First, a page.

Pony Bath

Last year, on the Appalachian Trail at the Grayson Highlands State Park, in Virginia, Tom, Spirit and myself stayed at the Thomas Knob shelter.

Tom avoiding his bath.

The wild ponies were hanging out and the three of us managed to all get licked by the ponies. Mine was more like a bath, but no sense in bragging.

Pony scratching stick.

Around supper time, a man from the Far East arrived with a backpack that weighed more than him. No joke. He only said a few words in English which led to a quiet evening from him. He slept in the shelter on the opposite side from us. In the morning while we were eating breakfast, he got up, took five steps from the shelter and emptied a full Nalgene bottle of pee. We were shocked to say the least.

Giant pack.

He hadn’t left the shelter since the day before and we all slept in there together. Hmm.

It’s not that far.

In 2016, once again Spirit and I were going to sleep in a shelter. A man came in towards hiker midnight (7 pm), he didn’t smell very good. I ended up next to him. Whenever he rolled over, I caught a whiff of him. I tell you no lie, this guy smelled like cat piss.


Let’s fast forward to three nights ago. My knee acted up the first day. Multiple reasons why. I won’t list them. At 6:30 pm it was lights out. I’m snug as a bug in my tent. It drizzled off and on. I fell right to sleep to the sounds of chirping frogs. I woke up and I think, “Boy do I feel rested. It must almost be 6:30 am.” I lay there for half an hour. I’m near Hauser Creek and I think, any minute the sun will be up. Time ticks by, no daylight in sight and so I finally turn on my phone. 2:30 am! Are you kidding me, I’m ready to start my day. Ugh!!! I feel the urge to pee. I think, “Bad knee and what were all those rustling noises around my tent. Snakes no doubt!” So…I found the largest Zip-lock bag I could find, kneeled on one knee while trying to keep the sore knee straight. All was going well until I felt wet warmth running down my kneeled leg. “Oh Crap! Turn off the water works!!!” Brother, right now I dislike all the women on Facebook who suggested this very stupid idea. Just get the hell out of your tent. Snakes be damned.

Seriously…IT RAINED!

Now I had wet long underwear and wet sleeping bag. It’s a good thing I had moved all my electronics. I wiped everything down with toilet paper and baby wipes. Took off my long underwear and curled up in my sleeping bag. “Is that urine I smell?”

“I gotta pee.” – Forrest Gump

1 Day Before Launch

My husband Tom and I spent the morning scouting out the southern terminus of the PCT. The day is overcast. There is a winter weather advisory for snow and wind in the next 24 hours. The temps have been in the high forties most of the day. The first thing we saw at the terminus, was the wall between the United States and Mexico. We weren’t there long before Border Patrol drove by. The Patrol is very active in the area. A few hikers were dropped off to start their Thru hike. We hung out for a short time talking to an Uber driver from San Diego who had just dropped off a hiker.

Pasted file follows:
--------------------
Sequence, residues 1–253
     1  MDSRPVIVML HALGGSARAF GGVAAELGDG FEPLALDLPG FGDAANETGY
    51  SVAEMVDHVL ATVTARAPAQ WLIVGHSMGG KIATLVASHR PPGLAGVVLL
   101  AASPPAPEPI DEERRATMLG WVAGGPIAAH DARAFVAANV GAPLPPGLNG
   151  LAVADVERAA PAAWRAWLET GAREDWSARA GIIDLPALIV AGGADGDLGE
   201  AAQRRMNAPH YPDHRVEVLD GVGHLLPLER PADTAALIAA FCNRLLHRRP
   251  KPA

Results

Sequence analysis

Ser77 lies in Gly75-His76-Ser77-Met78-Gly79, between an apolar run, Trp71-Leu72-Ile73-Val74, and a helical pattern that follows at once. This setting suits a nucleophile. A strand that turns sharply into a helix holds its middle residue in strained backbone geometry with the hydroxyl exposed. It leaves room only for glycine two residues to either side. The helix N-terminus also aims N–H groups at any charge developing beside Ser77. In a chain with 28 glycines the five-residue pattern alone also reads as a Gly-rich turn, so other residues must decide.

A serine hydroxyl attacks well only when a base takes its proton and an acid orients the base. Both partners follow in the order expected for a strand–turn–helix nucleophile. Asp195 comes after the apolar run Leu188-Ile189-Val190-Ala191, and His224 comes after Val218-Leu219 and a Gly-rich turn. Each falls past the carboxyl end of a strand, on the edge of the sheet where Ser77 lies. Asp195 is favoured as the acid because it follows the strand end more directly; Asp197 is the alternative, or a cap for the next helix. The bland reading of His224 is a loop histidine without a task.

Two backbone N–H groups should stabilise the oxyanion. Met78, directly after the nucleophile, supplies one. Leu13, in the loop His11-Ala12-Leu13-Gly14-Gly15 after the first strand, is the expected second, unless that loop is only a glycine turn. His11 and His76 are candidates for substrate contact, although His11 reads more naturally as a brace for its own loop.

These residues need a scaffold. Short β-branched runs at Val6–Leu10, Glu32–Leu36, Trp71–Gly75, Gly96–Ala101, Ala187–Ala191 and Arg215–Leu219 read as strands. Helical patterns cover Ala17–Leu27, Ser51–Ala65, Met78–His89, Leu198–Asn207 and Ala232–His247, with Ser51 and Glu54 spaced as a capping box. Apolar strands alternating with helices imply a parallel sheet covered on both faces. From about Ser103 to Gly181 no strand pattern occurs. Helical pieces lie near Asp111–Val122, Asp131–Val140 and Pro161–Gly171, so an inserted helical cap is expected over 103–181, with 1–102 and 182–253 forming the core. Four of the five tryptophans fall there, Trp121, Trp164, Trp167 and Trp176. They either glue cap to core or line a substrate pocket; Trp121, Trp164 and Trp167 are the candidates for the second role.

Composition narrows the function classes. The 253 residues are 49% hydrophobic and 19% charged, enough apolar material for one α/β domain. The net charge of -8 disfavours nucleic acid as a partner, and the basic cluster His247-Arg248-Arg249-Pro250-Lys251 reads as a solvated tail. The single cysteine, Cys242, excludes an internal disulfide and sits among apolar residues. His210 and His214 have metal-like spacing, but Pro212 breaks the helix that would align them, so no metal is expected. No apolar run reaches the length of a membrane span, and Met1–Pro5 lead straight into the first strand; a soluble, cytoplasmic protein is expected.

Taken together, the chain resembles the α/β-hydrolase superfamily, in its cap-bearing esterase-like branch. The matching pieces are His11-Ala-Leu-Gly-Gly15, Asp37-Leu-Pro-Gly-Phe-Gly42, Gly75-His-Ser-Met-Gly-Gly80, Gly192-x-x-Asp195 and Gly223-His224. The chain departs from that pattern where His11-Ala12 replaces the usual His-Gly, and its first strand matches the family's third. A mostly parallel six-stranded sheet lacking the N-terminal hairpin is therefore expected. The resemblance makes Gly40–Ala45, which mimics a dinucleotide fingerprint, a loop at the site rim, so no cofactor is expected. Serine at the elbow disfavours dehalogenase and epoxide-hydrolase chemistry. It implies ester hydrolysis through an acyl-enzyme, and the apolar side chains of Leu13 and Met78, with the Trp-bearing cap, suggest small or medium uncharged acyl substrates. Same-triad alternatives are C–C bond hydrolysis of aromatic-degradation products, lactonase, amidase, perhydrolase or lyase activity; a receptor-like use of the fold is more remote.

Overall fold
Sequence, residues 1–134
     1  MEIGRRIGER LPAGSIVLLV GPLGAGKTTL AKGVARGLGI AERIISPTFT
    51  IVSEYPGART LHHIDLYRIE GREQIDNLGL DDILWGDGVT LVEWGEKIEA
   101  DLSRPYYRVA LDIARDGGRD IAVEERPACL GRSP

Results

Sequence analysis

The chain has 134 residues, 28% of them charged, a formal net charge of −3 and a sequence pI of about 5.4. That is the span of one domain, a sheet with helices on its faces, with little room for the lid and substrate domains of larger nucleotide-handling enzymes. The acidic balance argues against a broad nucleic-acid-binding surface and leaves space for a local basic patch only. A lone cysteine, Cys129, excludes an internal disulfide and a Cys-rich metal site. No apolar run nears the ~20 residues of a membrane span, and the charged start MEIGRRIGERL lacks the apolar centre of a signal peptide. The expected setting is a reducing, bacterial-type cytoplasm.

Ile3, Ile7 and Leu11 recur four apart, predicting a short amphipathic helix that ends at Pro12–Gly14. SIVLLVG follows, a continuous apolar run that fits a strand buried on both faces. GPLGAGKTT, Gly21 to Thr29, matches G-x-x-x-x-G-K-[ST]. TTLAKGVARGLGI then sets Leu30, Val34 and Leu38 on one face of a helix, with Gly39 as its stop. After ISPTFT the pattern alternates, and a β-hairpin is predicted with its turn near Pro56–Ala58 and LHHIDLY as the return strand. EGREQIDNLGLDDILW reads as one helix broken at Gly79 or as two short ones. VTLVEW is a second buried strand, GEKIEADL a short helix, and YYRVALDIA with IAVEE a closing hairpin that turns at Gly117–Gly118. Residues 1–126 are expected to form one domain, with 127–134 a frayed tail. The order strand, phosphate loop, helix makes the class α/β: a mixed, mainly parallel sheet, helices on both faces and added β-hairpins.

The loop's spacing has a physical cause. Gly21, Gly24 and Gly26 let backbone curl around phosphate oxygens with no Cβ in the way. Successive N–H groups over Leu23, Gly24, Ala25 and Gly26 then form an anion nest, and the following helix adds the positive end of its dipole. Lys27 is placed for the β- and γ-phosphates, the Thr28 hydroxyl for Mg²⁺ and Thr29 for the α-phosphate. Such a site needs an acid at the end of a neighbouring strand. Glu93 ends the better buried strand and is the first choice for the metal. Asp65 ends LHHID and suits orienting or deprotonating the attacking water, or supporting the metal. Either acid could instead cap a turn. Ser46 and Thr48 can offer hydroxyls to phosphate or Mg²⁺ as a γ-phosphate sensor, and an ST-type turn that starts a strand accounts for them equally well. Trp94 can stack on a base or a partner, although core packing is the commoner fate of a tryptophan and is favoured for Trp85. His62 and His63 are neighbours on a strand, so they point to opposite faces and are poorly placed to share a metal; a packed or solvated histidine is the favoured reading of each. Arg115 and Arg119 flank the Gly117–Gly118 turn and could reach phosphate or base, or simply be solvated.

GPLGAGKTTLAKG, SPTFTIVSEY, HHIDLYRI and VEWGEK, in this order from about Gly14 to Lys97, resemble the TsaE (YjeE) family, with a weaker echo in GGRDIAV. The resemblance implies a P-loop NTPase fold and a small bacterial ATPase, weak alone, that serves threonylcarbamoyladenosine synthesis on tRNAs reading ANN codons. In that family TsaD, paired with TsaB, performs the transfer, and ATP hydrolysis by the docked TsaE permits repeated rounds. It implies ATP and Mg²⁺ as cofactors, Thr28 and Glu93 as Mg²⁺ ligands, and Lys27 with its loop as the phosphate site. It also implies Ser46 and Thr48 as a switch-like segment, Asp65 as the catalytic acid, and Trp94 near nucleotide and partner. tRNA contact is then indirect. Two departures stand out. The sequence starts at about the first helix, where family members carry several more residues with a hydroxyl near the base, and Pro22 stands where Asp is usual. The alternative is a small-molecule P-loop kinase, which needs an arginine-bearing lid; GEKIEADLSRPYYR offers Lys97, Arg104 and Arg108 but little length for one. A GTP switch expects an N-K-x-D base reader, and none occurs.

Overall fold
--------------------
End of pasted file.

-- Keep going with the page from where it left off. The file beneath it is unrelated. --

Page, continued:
After a while, we thought we heard a noise along the corrugated metal wall. We went to investigate and who do we see sneaking in from Mexico, Yuri and his girlfriend Huivi. I couldn’t believe my eyes! Yuri seems to go missing for a while all the time, but he always seems to turn up when I’m starting my next adventure.

Yuri and Huivi sneaking across the border

Once the fourth of us were secure in our vehicle, Yuri started to tell us this story about his lost time in Mexico. It was something about a pack of coyotes dragging him through the drug tunnels… I could only listen for so long. I mean really, he is always telling some fantastical tale.

We returned to our camp at Lake Morena, and I went through my food pack twice, then on to gear. I decided to take my zero degree sleeping bag due to the weather, even though it is heavy.

My bag is packed and all I have to do is grab water and camera gear. I have a 20 mile hike to get back to Lake Morena. Then the next section I will head the 20 miles to Mount Laguna.

Right now I am glad I am inside our camper as it is raining in fits and starts. One more warm night before I am out in the elements.